The accident caused the death of construction workers who were making repairs on the bridge at the time of the ship’s impact. As the collapsed bridge and the stranded container ship blocked access, the port of Baltimore came to a standstill. The city of Baltimore and the surrounding region lost hundreds of millions of dollars. Hundreds of businesses that depend on the port suffered. Tens of thousands of workers had to be idled. While special equipment has been deployed on site to begin removing thousands of tons of twisted metal from the water and from the ship’s deck, this difficult operation will take several weeks. All in all, because of this one accident, we are talking about losses in the hundreds of millions of dollars to Baltimore and the surrounding regions whose economies depend on an active, well functioning port. Beyond the enormous cost of removing from the water the collapsed, twisted bridge, constructing a new one will take years and it will cost at least $ 2 billion. All in all, we are taking about billions of dollars of lost revenue and huge hardships for thousands of businesses and their workers. Ironically, had the Dali’s power loss occurred just a few minutes later, after the gigantic vessel has sailed under the Key Bridge, none of this would have happened. But no suck luck.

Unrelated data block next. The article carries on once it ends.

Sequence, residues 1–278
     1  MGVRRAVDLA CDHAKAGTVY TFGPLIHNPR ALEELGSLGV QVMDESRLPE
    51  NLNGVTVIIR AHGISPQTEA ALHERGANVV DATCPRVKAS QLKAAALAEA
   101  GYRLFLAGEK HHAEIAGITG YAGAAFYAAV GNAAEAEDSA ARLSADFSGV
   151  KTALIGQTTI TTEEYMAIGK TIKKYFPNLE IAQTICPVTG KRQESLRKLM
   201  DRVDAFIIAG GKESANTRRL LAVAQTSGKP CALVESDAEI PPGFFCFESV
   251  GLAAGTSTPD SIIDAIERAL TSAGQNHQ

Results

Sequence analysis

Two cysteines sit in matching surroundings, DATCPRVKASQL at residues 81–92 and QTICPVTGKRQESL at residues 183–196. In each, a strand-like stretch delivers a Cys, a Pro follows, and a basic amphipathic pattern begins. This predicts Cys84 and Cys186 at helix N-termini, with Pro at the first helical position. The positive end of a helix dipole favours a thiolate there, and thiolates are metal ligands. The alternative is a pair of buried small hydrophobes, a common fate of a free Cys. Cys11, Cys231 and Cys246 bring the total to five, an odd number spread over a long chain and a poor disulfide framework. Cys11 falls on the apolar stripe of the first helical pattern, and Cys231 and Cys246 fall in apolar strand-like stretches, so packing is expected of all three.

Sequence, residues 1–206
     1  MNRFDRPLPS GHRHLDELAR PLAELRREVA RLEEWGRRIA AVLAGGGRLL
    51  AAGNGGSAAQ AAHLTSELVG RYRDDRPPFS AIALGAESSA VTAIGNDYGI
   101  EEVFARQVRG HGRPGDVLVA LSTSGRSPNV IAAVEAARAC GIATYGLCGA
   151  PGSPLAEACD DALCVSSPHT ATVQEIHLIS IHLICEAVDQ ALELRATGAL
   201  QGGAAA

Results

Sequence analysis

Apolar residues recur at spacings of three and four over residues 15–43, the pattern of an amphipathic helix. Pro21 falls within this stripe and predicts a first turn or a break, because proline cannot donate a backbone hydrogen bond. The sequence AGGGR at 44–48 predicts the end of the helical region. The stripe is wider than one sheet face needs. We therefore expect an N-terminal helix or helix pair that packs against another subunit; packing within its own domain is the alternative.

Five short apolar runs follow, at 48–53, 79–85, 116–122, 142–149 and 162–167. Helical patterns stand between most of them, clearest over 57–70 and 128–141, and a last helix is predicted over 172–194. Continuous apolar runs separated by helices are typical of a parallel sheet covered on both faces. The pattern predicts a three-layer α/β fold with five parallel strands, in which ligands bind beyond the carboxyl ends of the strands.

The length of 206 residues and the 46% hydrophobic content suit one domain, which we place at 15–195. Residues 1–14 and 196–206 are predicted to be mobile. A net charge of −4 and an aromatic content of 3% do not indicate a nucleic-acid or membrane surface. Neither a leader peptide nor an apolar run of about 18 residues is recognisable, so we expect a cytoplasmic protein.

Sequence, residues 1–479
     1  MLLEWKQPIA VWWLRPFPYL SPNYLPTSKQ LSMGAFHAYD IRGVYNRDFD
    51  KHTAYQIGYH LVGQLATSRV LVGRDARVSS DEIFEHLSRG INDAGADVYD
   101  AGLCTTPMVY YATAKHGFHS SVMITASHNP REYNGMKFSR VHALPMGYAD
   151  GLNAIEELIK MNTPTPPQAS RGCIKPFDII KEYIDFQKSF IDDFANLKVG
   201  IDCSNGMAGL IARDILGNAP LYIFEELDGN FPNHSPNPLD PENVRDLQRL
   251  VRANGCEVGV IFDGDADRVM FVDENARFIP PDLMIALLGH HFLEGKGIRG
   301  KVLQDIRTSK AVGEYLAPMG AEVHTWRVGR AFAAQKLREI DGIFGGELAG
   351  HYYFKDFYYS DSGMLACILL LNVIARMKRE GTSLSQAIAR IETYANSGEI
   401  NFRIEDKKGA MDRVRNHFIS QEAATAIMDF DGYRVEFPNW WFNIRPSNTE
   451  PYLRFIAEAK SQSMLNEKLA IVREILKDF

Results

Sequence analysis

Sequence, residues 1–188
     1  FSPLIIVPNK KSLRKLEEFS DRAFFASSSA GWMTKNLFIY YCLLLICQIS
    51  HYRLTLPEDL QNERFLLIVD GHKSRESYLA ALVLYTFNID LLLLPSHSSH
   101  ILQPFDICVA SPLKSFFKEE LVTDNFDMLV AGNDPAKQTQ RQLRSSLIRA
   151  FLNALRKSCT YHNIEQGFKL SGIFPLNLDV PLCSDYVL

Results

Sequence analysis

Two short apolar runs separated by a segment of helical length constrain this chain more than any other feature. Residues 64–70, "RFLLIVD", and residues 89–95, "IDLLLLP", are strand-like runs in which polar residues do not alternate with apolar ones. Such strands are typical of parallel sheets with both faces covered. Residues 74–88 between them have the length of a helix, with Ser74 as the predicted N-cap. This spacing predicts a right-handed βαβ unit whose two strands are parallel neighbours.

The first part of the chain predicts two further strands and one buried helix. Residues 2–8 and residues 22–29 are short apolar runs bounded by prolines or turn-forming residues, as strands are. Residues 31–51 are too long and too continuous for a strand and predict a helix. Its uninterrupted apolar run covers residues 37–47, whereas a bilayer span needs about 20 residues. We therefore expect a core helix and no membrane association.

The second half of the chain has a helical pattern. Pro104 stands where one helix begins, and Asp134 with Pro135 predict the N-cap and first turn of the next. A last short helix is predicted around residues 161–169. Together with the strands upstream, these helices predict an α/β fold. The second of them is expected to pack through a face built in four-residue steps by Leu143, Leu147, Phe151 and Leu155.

Prevention was possible

That said, the real tragedy is that we now know that this terrible accident that destroyed in a few seconds Baltimore’s Key Bridge could have been prevented. How so? For years, engineers, looking with concern at ports, rivers and bridges and at the increased volumes of marine traffic sailing under them, especially super sized container ships like the Dali, have been advocating the construction of “dolphins”, specially designed large cement structures, to be placed around the columns supporting bridges such as the Key Bridge in Baltimore. Large, well placed “dolphins” would serve as barriers and powerful shock absorbers in case of ships accidentally striking them. Their mission is to take the blow of the collision with a big ship, this way protecting the columns supporting the bridges and thus the their structural integrity.

Prevention is expensive